18 Diabetes : 1. Health care professionals should be aware that drivers with diabetes 15 as a group are at increased risk of having road crashes. Although it is agreed that the major risk involved is that associated with hypoglycemia 14, it appears that the hypoglycemic phenomenon by itself does not explain all the increased risk. Consequently, all drivers with diabetes should be counseled to the effect that they are at an increased risk and that even mild hypoglycemia should be avoided when they are driving. Patients should be counseled on the importance of frequent stops and snacks, easy availability of glucose supplements and early recognition of signs of impending hypoglycemia. 2. Health care professionals should be aware that DMVs 4 concentrate their efforts on those drivers who suffer hypoglycemic episodes that require the assistance of a third party. Professionals should counsel any driver who experiences such an episode to not drive until the driver s treating clinician is certain that the risk of a recurrence has been minimized. In some instances this period without driving may last several months and some experts feel that a 3-month period for almost everyone in this situation would be appropriate. However, it is the clinical judgment of the treating clinician that is the important factor since the individual s particular situation will be the major factor. 3. Recurrent hypoglycemic episodes that require third-party intervention are a counterindication to driving. Resuming driving for such an individual will depend upon an informed opinion from the treating clinician. 4. Hypoglycemic unawareness, where the hypoglycemic episode occurs with no forewarning being perceived by the individual, is an absolute counter-indication to driving. As long as the unawareness persists, the person must be counseled to refrain from driving. 5. Insulin 29 -treated diabetes 15 is not, in itself, a justification for disqualification from driving. However, the potential for a hypoglycemic 14 episode is considered to be higher for the insulin-treated diabetic than for diabetics treated by oral medication. Consequently, health care professionals should provide patient education on the problems associated with driving and insulin-treated diabetes. 6. All drivers with diabetes should see their treating clinician at least annually. Those who encounter difficulties with control should be seen more frequently in accordance with their treating clinicians assessment of the requirements for follow-up and control. Any changes in status for example, the initiation of insulin treatment should be communicated to the DMV, preferably by the drivers themselves. 7. Before recommending that their patient with diabetes continue driving, the treating clinician should ensure that there is a good understanding of the disease, that the patient is free of hypoglycemic episodes requiring third-party intervention and that While the above recommendations came from the Driver Fitness Working Group, not all experts agree. Alternative viewpoints are presented in Appendix C. Driver Fitness Medical Guidelines 10

19 the patient is willing to follow the suggested treatment plan. The patient s compliance with the suggested therapy and the maintenance of blood sugar readings within an acceptable range are important in establishing that the patient understands and is compliant in the management of the condition. The patient should demonstrate to the clinician that they are able to recognize incipient hypoglycemia 14 and can take the appropriate action when they become symptomatic. Seizures: 1. Health care professionals should be aware that anti-epileptic drugs 30 (AEDs 31 ) are known to produce side effects in some patients that may affect driving. Normally patients affected by AEDs will complain to their clinicians, who should then counsel them on restricting their driving until the side effects have passed. Such patients should have their levels of the drug monitored regularly and should be counseled to cease driving if toxic effects occur. 2. Following a unique seizure 17, the patient should be counseled to not drive while under investigation. Driving may be resumed if the neurological 32 and cardiac investigations have not revealed a cause or if a treatable cause has been identified and the therapy successful. If the neurological investigation reveals that the patient has epilepsy 16, the health care professional should counsel the patient that they will be subjected to the local jurisdiction s medical standard for epileptic seizures. 3. Following a diagnosis of epilepsy, the driver should undergo an annual examination by the treating clinician. The frequency of the controls by the treating clinician may be relaxed gradually in accordance with the treating clinician s clinical assessment of the situation. 4. Cessation of AEDs may lead to a new seizure. The driver who suffers a seizure following a prescribed cessation of AEDs should be counseled to not drive until therapeutic levels of AEDs are achieved that are comparable to the levels prior to the cessation of AEDs. A seizure following voluntary cessation of AEDs by the driver without medical supervision should be treated in the same manner as an unprovoked seizure. 5. Health care professionals should be aware that seizures 17 induced by the ingestion of alcohol or drugs must be followed by a 6-month period of abstinence before driving can be resumed. If substance abuse or dependence is present that meets the diagnostic criteria described in the Diagnostic and Statistical Manual of Mental Disorders 33 (DSM-IV 34 ), driving is counter-indicated until the person meets the diagnostic criteria for prolonged remission. Jurisdictional requirements vary for alcohol treatment program attendance and other measures such as mandatory installation of ignition interlock devices. Driver Fitness Medical Guidelines 11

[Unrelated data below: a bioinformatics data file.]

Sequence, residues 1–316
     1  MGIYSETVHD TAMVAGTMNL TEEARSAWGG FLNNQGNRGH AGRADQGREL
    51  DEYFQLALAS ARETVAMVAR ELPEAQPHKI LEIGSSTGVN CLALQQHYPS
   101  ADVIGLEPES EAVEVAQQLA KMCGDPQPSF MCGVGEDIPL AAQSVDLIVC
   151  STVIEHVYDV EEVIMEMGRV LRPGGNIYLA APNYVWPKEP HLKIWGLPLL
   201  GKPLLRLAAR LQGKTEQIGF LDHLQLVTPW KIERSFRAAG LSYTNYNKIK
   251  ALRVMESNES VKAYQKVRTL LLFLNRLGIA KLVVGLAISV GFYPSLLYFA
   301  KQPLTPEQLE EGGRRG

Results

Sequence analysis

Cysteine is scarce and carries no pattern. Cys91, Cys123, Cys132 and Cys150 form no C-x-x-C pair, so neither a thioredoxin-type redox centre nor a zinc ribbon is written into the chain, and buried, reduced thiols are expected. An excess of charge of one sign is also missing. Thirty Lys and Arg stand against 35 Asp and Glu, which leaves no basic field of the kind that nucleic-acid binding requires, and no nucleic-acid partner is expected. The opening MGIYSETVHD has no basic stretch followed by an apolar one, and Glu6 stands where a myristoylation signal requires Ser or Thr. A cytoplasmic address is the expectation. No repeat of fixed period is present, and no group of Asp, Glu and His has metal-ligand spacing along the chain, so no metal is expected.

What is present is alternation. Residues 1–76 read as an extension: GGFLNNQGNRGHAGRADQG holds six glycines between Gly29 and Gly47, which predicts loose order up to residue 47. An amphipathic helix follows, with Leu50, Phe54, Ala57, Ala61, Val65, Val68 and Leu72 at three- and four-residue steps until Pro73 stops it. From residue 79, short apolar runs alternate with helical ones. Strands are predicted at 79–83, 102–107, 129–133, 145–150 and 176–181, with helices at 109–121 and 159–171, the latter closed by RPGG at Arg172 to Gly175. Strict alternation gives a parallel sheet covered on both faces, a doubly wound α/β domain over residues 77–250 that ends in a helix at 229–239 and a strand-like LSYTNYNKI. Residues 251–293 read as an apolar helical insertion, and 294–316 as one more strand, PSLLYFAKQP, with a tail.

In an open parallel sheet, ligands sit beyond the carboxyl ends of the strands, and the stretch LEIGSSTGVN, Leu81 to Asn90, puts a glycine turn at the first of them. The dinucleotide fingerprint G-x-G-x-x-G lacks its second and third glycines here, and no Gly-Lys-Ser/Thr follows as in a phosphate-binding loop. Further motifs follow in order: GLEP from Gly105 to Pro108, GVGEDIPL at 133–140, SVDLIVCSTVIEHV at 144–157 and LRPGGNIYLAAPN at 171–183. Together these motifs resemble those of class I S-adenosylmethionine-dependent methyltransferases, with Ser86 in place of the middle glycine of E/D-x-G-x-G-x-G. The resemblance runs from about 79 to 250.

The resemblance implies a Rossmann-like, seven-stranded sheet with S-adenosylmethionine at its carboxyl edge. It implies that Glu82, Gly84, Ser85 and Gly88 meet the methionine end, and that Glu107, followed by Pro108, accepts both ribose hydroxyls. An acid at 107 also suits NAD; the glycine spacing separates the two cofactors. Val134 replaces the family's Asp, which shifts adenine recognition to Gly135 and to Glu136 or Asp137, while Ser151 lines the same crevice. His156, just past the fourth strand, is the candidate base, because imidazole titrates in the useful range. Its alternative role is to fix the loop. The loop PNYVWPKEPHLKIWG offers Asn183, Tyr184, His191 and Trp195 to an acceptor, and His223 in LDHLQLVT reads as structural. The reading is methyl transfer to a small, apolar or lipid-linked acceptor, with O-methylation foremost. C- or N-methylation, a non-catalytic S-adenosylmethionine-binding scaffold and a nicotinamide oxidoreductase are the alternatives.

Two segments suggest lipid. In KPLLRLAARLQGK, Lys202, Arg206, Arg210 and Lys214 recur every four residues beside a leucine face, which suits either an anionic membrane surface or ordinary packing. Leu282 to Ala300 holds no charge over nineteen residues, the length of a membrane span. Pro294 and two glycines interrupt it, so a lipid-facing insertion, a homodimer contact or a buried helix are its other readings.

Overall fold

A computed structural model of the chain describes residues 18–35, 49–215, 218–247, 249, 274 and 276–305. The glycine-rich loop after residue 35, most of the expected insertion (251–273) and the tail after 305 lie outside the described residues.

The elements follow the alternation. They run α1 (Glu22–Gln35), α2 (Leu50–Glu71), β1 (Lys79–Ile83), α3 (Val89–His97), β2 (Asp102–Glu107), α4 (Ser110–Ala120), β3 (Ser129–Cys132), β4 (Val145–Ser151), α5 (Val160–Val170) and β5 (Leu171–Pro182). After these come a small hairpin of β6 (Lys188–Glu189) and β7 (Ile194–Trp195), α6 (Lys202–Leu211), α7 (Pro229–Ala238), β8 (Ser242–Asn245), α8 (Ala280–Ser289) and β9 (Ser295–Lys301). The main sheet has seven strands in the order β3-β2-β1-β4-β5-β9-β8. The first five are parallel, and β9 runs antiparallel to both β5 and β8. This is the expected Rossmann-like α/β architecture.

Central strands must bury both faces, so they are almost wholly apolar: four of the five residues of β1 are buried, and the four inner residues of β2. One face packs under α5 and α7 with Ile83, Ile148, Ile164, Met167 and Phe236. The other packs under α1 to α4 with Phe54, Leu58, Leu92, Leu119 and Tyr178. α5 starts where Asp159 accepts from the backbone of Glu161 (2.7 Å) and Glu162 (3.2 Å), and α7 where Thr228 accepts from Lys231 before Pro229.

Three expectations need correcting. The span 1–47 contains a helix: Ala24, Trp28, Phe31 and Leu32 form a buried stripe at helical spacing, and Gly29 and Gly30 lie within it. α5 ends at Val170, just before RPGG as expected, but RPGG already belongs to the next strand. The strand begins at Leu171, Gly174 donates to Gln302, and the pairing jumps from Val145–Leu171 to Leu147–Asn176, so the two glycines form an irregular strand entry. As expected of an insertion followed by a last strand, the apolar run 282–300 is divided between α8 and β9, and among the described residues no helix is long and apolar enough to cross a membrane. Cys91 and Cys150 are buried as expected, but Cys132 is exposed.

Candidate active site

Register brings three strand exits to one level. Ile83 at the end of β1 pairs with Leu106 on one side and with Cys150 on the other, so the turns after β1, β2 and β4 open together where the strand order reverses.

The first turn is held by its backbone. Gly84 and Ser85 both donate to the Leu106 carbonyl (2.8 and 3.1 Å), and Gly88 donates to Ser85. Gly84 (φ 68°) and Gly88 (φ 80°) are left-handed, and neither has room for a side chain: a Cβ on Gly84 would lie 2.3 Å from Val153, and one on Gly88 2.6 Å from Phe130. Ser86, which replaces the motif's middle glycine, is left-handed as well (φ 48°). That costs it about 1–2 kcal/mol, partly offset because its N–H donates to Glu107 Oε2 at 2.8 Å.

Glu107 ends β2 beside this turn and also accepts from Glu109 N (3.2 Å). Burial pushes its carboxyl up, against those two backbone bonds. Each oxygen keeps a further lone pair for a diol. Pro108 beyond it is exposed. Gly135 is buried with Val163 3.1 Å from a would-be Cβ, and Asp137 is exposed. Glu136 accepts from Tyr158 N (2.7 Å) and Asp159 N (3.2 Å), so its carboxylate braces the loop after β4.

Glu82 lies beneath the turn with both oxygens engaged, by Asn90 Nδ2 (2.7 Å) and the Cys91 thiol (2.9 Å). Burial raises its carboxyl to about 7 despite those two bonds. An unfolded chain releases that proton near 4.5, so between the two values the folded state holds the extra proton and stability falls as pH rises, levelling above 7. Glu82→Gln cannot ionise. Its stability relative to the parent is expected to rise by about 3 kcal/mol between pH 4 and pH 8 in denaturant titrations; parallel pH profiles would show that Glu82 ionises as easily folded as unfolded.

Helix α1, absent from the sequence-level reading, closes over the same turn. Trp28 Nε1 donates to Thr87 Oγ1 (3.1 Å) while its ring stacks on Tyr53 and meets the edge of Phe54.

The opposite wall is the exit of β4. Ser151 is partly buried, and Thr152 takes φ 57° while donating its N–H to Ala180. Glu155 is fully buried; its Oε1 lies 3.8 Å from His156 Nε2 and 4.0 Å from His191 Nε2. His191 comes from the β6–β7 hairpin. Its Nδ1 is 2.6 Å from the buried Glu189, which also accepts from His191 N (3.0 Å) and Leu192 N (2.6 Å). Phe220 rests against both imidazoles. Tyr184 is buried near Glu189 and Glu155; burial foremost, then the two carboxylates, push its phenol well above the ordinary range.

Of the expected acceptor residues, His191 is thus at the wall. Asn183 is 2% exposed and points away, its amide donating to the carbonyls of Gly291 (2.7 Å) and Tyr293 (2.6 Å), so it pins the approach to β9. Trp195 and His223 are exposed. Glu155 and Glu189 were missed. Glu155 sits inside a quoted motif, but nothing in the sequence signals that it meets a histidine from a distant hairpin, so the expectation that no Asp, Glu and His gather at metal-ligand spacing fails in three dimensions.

20 Sleep Disorders: 1. Drivers who have obstructive sleep apnea 18 (OSA 19 ) may be counseled by their health care professionals to continue to drive if there is no daytime drowsiness or if the AHI 21 is less than 20. Drivers with daytime sleepiness or an AHI of 20 or more may drive only if the condition has been treated effectively or as long as the patients continue the therapy. Ceasing the therapy should be accompanied by driving cessation if the OSA is still present. 2. Continuous positive airway pressure 35 (CPAP 36 ) therapy has been shown to be an efficient treatment for OSA. Health care professionals should be aware that CPAP therapy reaches optimal effectiveness after 2 weeks but the effects disappear rapidly upon cessation of its use. Even a single night of non-compliance has been shown to adversely affect surrogate markers of crash risk. 3. In the event of therapeutic non-compliance for a patient with OSA 19, no matter what the reason, the health care professional should counsel that driving be ceased immediately. 4. Some sleep disorders are amenable to pharmaceutical treatment. When the treatment has eliminated the daytime drowsiness or the sudden onset of sleep, the patient may be counseled to resume driving for as long as the therapy is effective. Recommendations for Drivers With At-Risk Conditions General: 1. Most jurisdictions have regulations that require drivers to self-report any change in their medical condition. Generally, failure to do so may be grounds for suspension and, in some jurisdictions, criminal procedures. 2. In most cases, the ADA requires that States individually assess an applicant s fitness to drive safely, as through the review of medical documentation or the performance of written or on-road driving examinations. Under that statute and comparable State and local laws, the DMV must reasonably accommodate the needs of individuals with disabilities who can demonstrate their ability to drive safely. Vision: 1. Generally, it is recommended that drivers whose visual acuity 5 just meets the standards should not drive at night. Darkness diminishes visual acuity so a person with a visual acuity that just meets the standard will have an effective visual acuity in darkness that is lower than the standard. Some jurisdictions will impose a restriction on the driver s license to this effect for such a driver. Driver Fitness Medical Guidelines 12